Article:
The Lowdown: Hijingo

By James McAllister

- Last updated on GMT

The Lowdown on competitive socialising concept Hijingo

Related tags: Competitive socialising, London

A new competitive socialising concept is set to launch in the capital in March, offering a multi-sensory take on the age-old game of bingo.

Not really one for the Gala crowd, I assume
Definitely not. Forget groups of grannies sat around in silence, staring at playing cards and frantically dabbing off numbers with remarkable speed, this is bingo with a difference…

How so?
According to creators Social Entertainment Ventures (SEV), Hijingo – as it is called – is ‘more than just a bingo game’, it’s a multi-sensory experience combining music, lights and sound. It’s the brainchild of Adam Breeden, who previously co-founded popular competitive socialising concepts Puttshack and Bounce. Working with James Gordon, who helped create the bizarrely macho bingo/club night concept Rebel Bingo, Breeden has taken the traditional game and combined it with 'high-spec production and theatrical visuals' courtesy of design studio The Experience Machine (TEM), who previously worked with Beyoncé for her performance at the Tidal X concert in New York, and more recently with rapper Skepta on his Dystopia987 Rave of the Future event.

So it’s bingo, but trendier…
Basically, yes. The Hijingo team describe it as ‘bingo with a pulse’, which seems rather churlish given that the original game is often associated with the elderly. The interior designs for the 200-cover Shoreditch venue feature plenty of neon mood lighting, and look a bit like a bingo hall re-imagined for the movie Blade Runner​. Each Hijingo session consists of two games lasting approximately 30 minutes each, with a 20-minute interval in between, and costs £19.00 to play. Details on how the game actually works remain thin on the ground, but would appear to still involve a bingo caller standing at the front. Whether they’ll be shouting out ‘down on your knees’ every time the number 43 comes up, though, remains to be seen.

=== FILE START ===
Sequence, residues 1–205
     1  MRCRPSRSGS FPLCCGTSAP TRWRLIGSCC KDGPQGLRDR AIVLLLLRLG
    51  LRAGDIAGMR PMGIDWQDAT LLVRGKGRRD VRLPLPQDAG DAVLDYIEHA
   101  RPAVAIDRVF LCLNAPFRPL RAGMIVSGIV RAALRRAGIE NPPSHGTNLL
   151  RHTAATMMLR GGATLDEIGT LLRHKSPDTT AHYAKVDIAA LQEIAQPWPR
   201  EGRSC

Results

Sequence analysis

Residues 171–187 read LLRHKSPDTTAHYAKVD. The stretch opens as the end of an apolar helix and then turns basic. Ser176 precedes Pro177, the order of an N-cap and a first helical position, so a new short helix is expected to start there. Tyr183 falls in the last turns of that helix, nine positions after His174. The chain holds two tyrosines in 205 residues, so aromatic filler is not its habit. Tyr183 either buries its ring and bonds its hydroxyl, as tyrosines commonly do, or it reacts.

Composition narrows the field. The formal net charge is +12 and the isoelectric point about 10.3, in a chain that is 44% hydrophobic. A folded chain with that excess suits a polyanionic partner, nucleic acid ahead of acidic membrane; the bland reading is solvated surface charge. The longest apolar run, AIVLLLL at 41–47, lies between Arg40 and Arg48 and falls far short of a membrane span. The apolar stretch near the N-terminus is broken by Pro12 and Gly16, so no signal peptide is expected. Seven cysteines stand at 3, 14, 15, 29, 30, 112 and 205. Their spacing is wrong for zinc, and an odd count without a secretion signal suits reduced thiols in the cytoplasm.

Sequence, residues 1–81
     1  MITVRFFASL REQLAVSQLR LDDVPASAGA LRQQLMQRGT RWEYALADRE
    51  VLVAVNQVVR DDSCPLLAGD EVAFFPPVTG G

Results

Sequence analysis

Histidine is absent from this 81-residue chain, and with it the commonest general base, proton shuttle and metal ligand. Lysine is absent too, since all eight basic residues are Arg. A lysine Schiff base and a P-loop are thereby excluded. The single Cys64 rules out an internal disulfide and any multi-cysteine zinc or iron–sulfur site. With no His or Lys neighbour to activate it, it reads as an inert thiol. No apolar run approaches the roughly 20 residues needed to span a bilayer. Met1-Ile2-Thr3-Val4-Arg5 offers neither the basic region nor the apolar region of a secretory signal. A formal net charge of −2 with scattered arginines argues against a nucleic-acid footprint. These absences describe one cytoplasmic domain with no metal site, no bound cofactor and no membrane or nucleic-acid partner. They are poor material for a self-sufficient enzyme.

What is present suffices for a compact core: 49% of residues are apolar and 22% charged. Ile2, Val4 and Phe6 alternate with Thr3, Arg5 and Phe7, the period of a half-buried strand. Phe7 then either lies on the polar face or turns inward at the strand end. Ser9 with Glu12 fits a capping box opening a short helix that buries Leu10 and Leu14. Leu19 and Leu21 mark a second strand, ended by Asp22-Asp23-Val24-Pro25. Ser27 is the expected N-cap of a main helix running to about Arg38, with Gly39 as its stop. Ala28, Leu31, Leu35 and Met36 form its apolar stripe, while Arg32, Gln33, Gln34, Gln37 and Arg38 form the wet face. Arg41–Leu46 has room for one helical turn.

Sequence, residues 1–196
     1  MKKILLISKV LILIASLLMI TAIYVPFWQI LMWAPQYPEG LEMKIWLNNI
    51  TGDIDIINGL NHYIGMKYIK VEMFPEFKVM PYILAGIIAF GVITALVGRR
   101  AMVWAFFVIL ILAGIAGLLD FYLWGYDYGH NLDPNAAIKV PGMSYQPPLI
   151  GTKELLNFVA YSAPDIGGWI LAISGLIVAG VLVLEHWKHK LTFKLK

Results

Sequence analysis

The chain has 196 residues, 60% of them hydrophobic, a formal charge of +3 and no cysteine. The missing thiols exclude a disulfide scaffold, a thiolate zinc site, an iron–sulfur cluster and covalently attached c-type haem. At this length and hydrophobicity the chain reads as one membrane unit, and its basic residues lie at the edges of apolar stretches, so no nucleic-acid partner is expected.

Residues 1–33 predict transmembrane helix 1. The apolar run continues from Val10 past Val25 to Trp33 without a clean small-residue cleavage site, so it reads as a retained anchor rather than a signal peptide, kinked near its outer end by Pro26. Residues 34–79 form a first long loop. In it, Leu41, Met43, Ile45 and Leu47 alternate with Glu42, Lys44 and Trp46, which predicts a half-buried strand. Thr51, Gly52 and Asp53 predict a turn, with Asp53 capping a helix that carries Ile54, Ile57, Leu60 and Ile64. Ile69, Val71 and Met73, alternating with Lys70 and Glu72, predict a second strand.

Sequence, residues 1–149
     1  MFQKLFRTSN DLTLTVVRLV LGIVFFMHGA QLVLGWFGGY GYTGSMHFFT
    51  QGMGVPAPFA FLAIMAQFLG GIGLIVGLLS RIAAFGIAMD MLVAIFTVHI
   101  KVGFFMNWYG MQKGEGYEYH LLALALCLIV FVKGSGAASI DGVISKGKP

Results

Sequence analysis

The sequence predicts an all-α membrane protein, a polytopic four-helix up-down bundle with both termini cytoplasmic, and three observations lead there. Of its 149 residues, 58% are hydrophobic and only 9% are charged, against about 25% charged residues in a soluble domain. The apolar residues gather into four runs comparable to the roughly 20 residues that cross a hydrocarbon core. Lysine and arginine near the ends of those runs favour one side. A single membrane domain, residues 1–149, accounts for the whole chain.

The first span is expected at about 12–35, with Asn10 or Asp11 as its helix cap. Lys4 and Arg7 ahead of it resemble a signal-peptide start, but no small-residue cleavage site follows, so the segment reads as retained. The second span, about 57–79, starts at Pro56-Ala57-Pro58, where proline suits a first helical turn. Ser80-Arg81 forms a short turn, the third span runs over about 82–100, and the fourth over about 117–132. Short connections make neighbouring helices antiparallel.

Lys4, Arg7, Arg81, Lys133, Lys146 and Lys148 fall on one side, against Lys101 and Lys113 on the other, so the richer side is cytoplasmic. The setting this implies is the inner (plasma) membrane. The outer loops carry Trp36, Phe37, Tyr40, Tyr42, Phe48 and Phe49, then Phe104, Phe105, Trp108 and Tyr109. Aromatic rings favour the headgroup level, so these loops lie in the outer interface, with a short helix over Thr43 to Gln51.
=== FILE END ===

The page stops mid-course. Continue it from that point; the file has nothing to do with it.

Will there be food available?
Indeed, similarly to other competitive socialising concepts, Hijingo will feature a menu of snacks, bites and small plates (with a Far East theme, in this case), and also have multiple bar areas serving a selection of cocktails, wines and beers.

Are competitive socialising concepts a relatively new thing?
Not really. SEV was launched by Breeden back in 2010, but it is notable that many of the brands that have emerged from this space have started to put significant growth plans into place in the last couple of years.

Really?
Yes. Take mini golf concept Puttshack, which currently operates two locations in the London and has previously said it aims to open a venue every 12 weeks in 2020 (it currently has a spot at the Intu Watford shopping centre, and a US site in Atlanta on the cards). Or the US-style brand Roxy Ball Room, which has just opened its ninth UK location in Birmingham. Last year saw a slew of new brands join the fray too, including Rebound by BV Restaurant Group; crazy gold and cocktail concept Birdies; and contemporary shuffleboard update Electric Shuffle.

Related topics: Trends & Reports

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